Induction of anaphylactic shock in mice by i.v. antigen challenge (bovine serum albumin, 100 mg) or i.v. treatment with the mast cell degranulator compound 48/80 resulted in 80 and 90% mortality rate, respectively. Inhibition of nitric oxide (NO) synthesis from L-arginine by co-injection of the L-arginine analog NGnitro-L-arginine methyl ester (L-NAME, 30 mg/kg) reduced the mortality rate by 40 and 20% in the antigen- and compound 48/80-induced shock models. Treatment with 60 mg/kg L-NAME reduced the mortality rate by 60% in these shock models. This beneficial effect was reversed by addition of L-arginine (120 mg/kg) but not D-arginine (120 mg/kg). These results suggest NO production as a possible mechanism involved in the pathophysiology of anaphylactic shock.

Eur J Pharmacol. 1991 Oct 2;203(1):125-7.
An inhibitor of nitric oxide production, NG-nitro-L-arginine-methyl ester, improves survival in anaphylactic shock.
Amir S, English AM.
Source
Centre for Studies in Behavioral Neurobiology, Concordia University, Montreal, Canada.
Abstract
Induction of anaphylactic shock in mice by i.v. antigen challenge (bovine serum albumin, 100 micrograms) or i.v. treatment with the mast cell degranulator compound 48/80 resulted in 80 and 90% mortality rate, respectively. Inhibition of nitric oxide (NO) synthesis from L-arginine by co-injection of the L-arginine analog NG-nitro-L-arginine methyl ester (L-NAME, 30 mg/kg) reduced the mortality rate by 40 and 20% in the antigen- and compound 48/80-induced shock models. Treatment with 60 mg/kg L-NAME reduced the mortality rate by 60% in these shock models. This beneficial effect was reversed by addition of L-arginine (120 mg/kg) but not D-arginine (120 mg/kg). These results suggest NO production as a possible mechanism involved in the pathophysiology of anaphylactic shock.

J Gen Physiol. 2010 Mar;135(3):247-59. doi: 10.1085/jgp.200910365.
Nitric oxide induces airway smooth muscle cell relaxation by decreasing the frequency of agonist-induced Ca2+ oscillations.
Perez-Zoghbi JF, Bai Y, Sanderson MJ.
Source
Department of Physiology, University of Massachusetts Medical School, Worcester, MA 01655, USA.
Abstract
Nitric oxide (NO) induces airway smooth muscle cell (SMC) relaxation, but the underlying mechanism is not well understood. Consequently, we investigated the effects of NO on airway SMC contraction, Ca(2+) signaling, and Ca(2+) sensitivity in mouse lung slices with phase-contrast and confocal microscopy. Airways that were contracted in response to the agonist 5-hydroxytryptamine (5-HT) transiently relaxed in response to the NO donor, NOC-5. This NO-induced relaxation was enhanced by zaprinast or vardenafil, two selective inhibitors of cGMP-specific phosphodiesterase-5, but blocked by ODQ, an inhibitor of soluble guanylyl cyclase, and by Rp-8-pCPT-cGMPS, an inhibitor of protein kinase G (PKG). Simultaneous measurements of airway caliber and SMC [Ca(2+)](i) revealed that airway contraction induced by 5-HT correlated with the occurrence of Ca(2+) oscillations in the airway SMCs. Airway relaxation induced by NOC-5 was accompanied by a decrease in the frequency of these Ca(2+) oscillations. The cGMP analogues and selective PKG activators 8Br-cGMP and 8pCPT-cGMP also induced airway relaxation and decreased the frequency of the Ca(2+) oscillations. NOC-5 inhibited the increase of [Ca(2+)](i) and contraction induced by the photolytic release of inositol 1,4,5-trisphosphate (IP(3)) in airway SMCs. The effect of NO on the Ca(2+) sensitivity of the airway SMCs was examined in lung slices permeabilized to Ca(2+) by treatment with caffeine and ryanodine. Neither NOC-5 nor 8pCPT-cGMP induced relaxation in agonist-contracted Ca(2+)-permeabilized airways. Consequently, we conclude that NO, acting via the cGMP-PKG pathway, induced airway SMC relaxation by predominately inhibiting the release of Ca(2+) via the IP(3) receptor to decrease the frequency of agonist-induced Ca(2+) oscillations.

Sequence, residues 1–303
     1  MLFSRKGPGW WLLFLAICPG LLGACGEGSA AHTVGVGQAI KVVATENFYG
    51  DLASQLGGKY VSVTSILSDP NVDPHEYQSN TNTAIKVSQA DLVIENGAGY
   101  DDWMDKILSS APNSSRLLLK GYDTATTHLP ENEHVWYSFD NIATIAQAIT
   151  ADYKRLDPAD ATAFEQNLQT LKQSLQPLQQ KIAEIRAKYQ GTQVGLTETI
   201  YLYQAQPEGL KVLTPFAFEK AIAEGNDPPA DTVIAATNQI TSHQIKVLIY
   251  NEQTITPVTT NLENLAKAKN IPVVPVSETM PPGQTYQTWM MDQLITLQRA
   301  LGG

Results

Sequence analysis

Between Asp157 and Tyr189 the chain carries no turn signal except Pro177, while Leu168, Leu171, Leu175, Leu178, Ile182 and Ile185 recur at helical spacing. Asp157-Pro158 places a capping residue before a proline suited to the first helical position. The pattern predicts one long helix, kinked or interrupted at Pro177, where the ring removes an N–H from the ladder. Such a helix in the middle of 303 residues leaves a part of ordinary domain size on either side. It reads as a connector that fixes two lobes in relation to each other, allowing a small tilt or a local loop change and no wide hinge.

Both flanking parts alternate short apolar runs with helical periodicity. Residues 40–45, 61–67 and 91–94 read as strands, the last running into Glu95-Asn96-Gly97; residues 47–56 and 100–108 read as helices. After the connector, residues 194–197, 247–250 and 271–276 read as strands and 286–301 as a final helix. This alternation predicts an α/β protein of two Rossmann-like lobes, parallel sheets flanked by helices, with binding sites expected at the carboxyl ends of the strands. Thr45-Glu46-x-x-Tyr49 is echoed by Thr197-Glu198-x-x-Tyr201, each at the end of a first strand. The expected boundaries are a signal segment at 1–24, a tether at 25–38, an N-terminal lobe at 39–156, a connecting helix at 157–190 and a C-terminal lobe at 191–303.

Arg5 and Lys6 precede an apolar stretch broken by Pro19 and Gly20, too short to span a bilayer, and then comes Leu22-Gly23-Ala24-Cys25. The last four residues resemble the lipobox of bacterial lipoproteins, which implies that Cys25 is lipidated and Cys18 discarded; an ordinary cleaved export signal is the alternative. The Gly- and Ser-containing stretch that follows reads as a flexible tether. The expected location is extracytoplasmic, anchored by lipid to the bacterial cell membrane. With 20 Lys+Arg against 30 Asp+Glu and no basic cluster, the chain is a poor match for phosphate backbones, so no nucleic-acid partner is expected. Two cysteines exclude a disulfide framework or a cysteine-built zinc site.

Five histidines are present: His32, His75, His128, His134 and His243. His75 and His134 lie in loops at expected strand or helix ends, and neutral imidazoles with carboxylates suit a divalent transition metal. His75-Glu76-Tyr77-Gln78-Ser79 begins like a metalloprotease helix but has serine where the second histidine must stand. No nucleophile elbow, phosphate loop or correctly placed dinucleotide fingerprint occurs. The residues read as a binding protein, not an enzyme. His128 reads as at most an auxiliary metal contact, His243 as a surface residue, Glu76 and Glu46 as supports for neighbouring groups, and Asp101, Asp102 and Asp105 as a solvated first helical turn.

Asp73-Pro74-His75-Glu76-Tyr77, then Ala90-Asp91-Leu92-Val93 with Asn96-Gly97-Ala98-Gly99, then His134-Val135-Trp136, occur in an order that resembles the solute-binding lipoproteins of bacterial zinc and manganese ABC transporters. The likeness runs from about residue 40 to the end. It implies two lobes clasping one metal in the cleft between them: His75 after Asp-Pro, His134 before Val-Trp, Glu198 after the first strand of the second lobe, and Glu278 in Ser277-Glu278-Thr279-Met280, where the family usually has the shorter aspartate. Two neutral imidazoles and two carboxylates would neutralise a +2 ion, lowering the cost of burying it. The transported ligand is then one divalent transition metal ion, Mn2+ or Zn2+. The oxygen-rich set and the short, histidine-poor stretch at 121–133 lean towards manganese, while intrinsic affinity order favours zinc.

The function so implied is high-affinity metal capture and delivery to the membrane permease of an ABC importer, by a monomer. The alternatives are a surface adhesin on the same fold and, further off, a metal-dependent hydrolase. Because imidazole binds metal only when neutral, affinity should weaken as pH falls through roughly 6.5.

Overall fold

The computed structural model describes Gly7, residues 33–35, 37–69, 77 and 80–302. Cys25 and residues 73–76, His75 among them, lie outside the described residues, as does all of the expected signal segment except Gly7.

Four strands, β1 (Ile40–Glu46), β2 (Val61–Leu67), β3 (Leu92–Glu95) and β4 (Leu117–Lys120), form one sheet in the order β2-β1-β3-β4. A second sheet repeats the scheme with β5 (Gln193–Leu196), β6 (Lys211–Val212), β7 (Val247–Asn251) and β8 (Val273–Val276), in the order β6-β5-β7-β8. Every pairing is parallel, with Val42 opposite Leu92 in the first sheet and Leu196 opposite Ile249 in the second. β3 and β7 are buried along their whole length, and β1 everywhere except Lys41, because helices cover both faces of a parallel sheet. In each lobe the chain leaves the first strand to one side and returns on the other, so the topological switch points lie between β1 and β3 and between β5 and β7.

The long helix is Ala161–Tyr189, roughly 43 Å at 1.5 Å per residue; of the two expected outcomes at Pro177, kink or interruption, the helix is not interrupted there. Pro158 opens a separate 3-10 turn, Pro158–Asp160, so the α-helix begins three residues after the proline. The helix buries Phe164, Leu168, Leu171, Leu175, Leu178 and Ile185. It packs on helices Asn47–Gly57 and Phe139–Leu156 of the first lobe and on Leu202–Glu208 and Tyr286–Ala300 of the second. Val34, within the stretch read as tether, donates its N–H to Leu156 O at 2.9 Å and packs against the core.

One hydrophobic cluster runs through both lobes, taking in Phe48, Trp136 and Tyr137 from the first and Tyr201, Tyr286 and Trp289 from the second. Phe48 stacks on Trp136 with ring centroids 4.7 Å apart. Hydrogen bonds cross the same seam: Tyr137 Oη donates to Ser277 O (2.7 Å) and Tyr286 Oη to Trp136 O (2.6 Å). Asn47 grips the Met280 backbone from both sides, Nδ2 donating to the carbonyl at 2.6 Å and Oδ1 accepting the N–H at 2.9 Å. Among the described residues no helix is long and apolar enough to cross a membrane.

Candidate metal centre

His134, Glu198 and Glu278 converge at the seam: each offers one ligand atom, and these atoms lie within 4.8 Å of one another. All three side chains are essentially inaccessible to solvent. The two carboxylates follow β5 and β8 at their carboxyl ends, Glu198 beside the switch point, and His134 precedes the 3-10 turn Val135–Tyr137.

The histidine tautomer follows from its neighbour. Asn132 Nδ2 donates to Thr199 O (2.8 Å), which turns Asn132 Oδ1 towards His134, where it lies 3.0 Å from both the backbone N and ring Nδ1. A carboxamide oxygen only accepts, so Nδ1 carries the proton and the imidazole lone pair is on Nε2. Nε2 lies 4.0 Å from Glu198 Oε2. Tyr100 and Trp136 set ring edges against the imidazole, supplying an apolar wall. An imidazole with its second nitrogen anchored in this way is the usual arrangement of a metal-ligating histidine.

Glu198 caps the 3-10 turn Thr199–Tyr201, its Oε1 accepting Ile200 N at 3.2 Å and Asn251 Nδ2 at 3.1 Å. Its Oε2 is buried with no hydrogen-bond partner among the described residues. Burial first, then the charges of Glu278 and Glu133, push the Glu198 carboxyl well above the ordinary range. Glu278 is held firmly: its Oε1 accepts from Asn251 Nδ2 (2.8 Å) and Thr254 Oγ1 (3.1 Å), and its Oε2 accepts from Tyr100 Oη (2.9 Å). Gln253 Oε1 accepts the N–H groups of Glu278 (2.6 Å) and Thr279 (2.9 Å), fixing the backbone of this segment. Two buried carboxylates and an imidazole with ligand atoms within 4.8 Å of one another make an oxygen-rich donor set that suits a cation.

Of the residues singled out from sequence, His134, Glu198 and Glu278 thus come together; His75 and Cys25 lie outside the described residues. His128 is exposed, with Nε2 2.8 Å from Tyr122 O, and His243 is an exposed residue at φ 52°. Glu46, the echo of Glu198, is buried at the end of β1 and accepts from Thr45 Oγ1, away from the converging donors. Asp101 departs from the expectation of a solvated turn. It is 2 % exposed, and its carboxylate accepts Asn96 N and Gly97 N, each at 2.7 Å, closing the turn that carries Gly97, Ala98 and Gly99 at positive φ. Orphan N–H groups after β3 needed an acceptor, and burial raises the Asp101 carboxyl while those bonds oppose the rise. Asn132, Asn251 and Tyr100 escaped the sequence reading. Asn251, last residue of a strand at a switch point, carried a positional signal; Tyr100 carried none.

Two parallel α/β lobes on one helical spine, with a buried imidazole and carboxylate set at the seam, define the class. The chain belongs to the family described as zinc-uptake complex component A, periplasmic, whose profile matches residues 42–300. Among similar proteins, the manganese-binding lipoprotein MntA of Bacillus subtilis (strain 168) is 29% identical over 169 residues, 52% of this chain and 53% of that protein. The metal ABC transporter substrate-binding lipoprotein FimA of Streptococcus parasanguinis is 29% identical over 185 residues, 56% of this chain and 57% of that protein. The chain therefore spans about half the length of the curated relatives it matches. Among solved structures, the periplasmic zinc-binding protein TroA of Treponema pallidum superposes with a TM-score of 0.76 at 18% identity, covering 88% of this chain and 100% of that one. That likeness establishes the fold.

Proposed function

J Immunol. 1997 Aug 1;159(3):1444-50.
Nitric oxide inhibits IgE-mediated degranulation of mast cells and is the principal intermediate in IFN-gamma-induced suppression of exocytosis.
Eastmond NC, Banks EM, Coleman JW.
Source
Department of Pharmacology and Therapeutics, University of Liverpool, United Kingdom.
Abstract
IFN-gamma regulates various aspects of rodent peritoneal mast cell function, including mediator release, cell growth, TNF-alpha-mediated cytotoxicity, and MHC class II expression. We investigated whether the suppressive action of IFN-gamma on IgE/Ag-mediated degranulation of mast cells is mediated via synthesis of nitric oxide. Incubation of mouse peritoneal cells with L-NMMA, an inhibitor of nitric oxide synthase, or in medium lacking the nitric oxide precursor L-arginine reversed the inhibitory effect of IFN-gamma on Ag-induced serotonin release. Furthermore, the nitric oxide donors sodium nitroprusside and S-nitrosoglutathione inhibited degranulation, and this effect was direct, since it was seen equally on purified and unfractionated mast cells and occurred independently of IFN-gammaR expression. Additional experiments revealed that accessory cells in peritoneal cell populations were the principal target for the action of IFN-gamma and the main source of nitric oxide; the cytokine was more potent on unfractionated compared with purified mast cells, and IFN-gamma induced detectable nitrite production in mixed peritoneal cells, but not in purified mast cells. These studies show that IFN-gamma induces nitric oxide production in peritoneal cell populations, and that synthesized nitric oxide directly inhibits the IgE-mediated secretory function of mast cells. The activation of nitric oxide-producing cells in the tissue microenvironment may be important in the control of mast cell-dependent allergic reactions.